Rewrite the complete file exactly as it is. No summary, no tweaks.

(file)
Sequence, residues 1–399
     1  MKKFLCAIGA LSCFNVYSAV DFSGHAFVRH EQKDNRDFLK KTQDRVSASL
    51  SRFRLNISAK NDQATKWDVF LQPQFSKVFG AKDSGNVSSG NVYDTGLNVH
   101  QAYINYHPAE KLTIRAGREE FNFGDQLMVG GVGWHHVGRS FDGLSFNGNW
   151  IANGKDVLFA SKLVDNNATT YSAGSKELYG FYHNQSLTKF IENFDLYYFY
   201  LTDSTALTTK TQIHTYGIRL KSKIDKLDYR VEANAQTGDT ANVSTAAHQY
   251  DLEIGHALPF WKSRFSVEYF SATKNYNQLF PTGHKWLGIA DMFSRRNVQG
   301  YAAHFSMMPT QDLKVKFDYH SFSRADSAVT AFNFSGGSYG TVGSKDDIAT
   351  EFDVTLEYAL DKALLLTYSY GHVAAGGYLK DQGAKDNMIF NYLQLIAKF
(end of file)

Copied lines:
Sequence, residues 1–399
     1  MKKFLCAIGA LSCFNVYSAV DFSGHAFVRH EQKDNRDFLK KTQDRVSASL
    51  SRFRLNISAK NDQATKWDVF LQPQFSKVFG AKDSGNVSSG NVYDTGLNVH
   101  QAYINYHPAE KLTIRAGREE FNFGDQLMVG GVGWHHVGRS FDGLSFNGNW
   151  IANGKDVLFA SKLVDNNATT YSAGSKELYG FYHNQSLTKF IENFDLYYFY
   201  LTDSTALTTK TQIHTYGIRL KSKIDKLDYR VEANAQTGDT ANVSTAAHQY
   251  DLEIGHALPF WKSRFSVEYF SATKNYNQLF PTGHKWLGIA DMFSRRNVQG
   301  YAAHFSMMPT QDLKVKFDYH SFSRADSAVT AFNFSGGSYG TVGSKDDIAT
   351  EFDVTLEYAL DKALLLTYSY GHVAAGGYLK DQGAKDNMIF NYLQLIAKF